Before my mother, there was Marie. There is a photograph of her being carried in a wooden box by the same man who would cradle my mother a year later. He is wearing a stiff suit, or he is being careful, staying still for the camera. Behind him, the sky is white as printer paper, but his face is a shade grayer than the grass, as if it’s the first time he’s raised his head in days. I know his eyes are the sharp blue of a faraway place, like an ocean from a postcard, but this is an old photograph, so his eyes are the color of TV static. It is impossible to tell he is a dairy farmer, but I know his hands are callused thick as firefighter gloves. I know how lean he really is, body fat sucked into muscle, and even though it’s black and white, I know his arms and neck are permanently burned into red dirt by the Québécois sun. The man in the photograph—penciled 1959 on the back—is holding a suitcase-sized coffin under his right arm, motionless before the funeral.
My older sister’s first name is Marie, though everyone calls her by her middle name, Emilie. I know countless spin-offs of Marie, cousins named Marie-Noëlle, Anne-Marie, Marie-Claire; Marie is the dandelion of Québécois nomenclature, its seeds always carried by the wind of the next generation, scattering throughout families, entrenching itself anywhere it can in a name. When I asked my father why everyone names their daughters Marie, he said, “So they have a better chance to get to le ciel.” Where my parents were raised, everything is holy. Even the tap that always tastes stale, like a glass of water on a nightstand in the morning, comes from the Saint Lawrence River. The towns they were born in, so small that Google maps takes a couple extra minutes to locate them––strewn like beads of rain across the spider web of highways stretched between Montréal and Québec city––are also named after saints. Jesus is splayed on the wall of every room of every house. The worst swearwords are biblical. The land is so flat that cornfields seem to stretch without boundary, laughing at the uptight horizon while keeping a respectful distance from the clouds as if they were off-limits, and maybe they are. The sky looks the part—like private property, maddeningly empty beside the transmission towers, those huge, metal praying mantises that carry power lines through pastures; the silos with ladder steps that climb their fifty-foot-tall backs; and of course, the church steeples that lay around like upside-down thumbtacks, waiting, as if hoping for God to step on one and finally pay them some attention.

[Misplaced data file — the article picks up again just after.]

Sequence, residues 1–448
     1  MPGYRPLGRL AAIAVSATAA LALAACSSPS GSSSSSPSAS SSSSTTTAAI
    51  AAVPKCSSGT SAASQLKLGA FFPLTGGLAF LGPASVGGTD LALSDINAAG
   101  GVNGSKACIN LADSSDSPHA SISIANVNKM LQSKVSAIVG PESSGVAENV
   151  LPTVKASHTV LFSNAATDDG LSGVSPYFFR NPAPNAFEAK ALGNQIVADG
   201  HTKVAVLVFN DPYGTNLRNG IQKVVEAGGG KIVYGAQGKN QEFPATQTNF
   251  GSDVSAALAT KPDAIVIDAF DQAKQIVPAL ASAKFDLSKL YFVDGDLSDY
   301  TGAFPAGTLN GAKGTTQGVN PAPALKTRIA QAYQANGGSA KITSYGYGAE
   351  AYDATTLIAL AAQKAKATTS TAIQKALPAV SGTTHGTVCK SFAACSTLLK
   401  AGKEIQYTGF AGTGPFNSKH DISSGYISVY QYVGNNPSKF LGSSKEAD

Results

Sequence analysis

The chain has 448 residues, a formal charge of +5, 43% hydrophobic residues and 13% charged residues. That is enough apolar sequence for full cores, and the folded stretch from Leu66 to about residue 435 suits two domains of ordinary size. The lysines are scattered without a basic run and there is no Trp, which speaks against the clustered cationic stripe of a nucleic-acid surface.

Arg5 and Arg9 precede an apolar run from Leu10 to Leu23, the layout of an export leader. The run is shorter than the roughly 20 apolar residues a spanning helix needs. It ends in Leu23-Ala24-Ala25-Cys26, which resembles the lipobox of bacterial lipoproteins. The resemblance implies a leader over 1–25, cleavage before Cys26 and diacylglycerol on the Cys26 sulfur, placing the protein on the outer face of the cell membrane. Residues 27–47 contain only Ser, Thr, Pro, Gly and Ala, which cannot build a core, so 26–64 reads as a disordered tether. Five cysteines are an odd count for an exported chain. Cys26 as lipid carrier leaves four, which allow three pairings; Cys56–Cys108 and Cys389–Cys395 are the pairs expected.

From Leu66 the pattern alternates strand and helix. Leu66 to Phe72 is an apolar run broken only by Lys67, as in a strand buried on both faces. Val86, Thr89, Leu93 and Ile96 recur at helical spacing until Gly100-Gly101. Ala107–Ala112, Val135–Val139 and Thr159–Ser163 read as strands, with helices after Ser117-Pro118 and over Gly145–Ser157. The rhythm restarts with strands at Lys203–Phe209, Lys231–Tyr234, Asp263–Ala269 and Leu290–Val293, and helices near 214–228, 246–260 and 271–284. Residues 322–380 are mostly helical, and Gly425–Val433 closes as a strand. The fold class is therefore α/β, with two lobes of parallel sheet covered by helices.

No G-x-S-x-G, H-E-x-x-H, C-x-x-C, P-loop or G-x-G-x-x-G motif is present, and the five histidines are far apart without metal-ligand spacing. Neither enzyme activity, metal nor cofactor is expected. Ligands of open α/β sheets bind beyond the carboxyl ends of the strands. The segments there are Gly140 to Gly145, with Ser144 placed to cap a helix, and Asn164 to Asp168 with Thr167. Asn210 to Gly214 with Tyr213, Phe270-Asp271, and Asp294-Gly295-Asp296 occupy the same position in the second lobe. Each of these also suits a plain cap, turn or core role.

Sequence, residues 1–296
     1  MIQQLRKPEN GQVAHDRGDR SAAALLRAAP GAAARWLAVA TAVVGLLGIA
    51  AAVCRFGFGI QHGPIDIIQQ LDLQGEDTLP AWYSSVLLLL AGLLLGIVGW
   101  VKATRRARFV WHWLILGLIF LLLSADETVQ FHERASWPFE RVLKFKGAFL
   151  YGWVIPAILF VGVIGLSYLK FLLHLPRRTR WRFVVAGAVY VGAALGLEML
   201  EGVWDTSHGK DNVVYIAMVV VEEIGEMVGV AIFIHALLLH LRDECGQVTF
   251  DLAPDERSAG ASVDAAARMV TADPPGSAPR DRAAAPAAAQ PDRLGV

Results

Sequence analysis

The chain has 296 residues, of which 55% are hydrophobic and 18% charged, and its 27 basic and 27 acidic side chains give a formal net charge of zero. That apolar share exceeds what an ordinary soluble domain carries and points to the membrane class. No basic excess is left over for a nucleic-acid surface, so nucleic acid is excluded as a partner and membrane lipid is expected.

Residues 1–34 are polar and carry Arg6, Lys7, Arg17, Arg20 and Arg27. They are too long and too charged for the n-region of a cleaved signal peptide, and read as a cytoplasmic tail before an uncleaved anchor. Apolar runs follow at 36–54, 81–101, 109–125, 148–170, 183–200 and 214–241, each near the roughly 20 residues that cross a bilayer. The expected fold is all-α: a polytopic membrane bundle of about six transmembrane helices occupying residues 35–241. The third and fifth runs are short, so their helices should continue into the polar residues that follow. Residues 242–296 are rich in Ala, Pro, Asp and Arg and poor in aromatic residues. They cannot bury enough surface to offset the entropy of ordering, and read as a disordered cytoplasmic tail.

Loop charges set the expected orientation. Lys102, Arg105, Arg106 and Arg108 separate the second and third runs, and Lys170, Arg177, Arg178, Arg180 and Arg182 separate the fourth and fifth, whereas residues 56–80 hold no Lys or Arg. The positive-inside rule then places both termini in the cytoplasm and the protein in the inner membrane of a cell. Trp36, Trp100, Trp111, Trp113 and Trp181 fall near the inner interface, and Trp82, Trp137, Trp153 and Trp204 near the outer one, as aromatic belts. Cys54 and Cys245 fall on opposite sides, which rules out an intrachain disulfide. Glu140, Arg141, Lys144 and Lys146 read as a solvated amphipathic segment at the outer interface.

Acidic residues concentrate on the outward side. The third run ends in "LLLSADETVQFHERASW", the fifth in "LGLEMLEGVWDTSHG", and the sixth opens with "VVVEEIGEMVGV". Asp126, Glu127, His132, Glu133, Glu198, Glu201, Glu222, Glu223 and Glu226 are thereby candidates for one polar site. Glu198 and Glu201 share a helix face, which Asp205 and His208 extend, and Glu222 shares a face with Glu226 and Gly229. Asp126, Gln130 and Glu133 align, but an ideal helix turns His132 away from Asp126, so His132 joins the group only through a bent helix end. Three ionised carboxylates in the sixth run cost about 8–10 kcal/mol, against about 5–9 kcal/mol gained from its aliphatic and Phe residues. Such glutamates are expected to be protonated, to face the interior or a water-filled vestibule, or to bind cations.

Before Marie, there was her mother. The last time I see her alive, Saint Grégoire looks like a dirty white t-shirt. The pastures––wrinkled in snow and mud––have given in to the warm December, albeit Ski-Doos are still parked outside the only bar in town, which is slow. Out here, the only place where la vie passe vite is on the back roads, where 100 km/h signs are acknowledged as a speed, but not as a limit. At dinner, mon oncle Martin tells a story about two brothers who used to race on the long skinny road beside his farm, how their engines roared by until they burnt up; until the brothers died, one after the other, two years apart in separate car accidents. Ma grand-mère is going fast, too. Since November, the doctors have said it could be days, weeks, or months. When mon grand-père tells her he doesn’t want her to go before him, she answers, “Dépêche toi.” The world seems to stop moving while we’re here. Pieces of snapped plastic utensils, along with a Burger King bag pasted to the pavement, greet us outside the door of Soleil-Levant every day we visit her. The first night, there are one-size-fit-all blue scrubs for your shoes in the entrance; I try to slip them over my boots, but they rip at the toe. The scrubs drag helplessly from my heels as we walk to room D312. The empty hallway echoes our steps with shuffling clicks while my mother whispers to me that the woman who runs the retirement home is my age and single. Five minutes after chatting with ma grand-mère, she tells me the same thing. Mother like daughter, or daughter like mother, I can’t tell. I feel as if time has been rewound just to tick at the same seconds over and over, overlapping itself. A few days later, when we leave, we say à la prochaine as if there will be a next time. As is tradition, she hands all her grandchildren a twenty-dollar bill. On the way back, I break it on a bag of roasted and salted peanuts. They taste like roasted and salted Styrofoam pellets. I simultaneously realize the expiration date is from months ago, that the past is rushing forward just in time to be omnipresent, and that I will never spend the seventeen dollars and five cents I have left.
—Benjamin Bouvet-Boisclair lives in transit between New York where he serves tables, and Santiago, Chile, where he teaches English. His work has also appeared in The Literary Bohemian.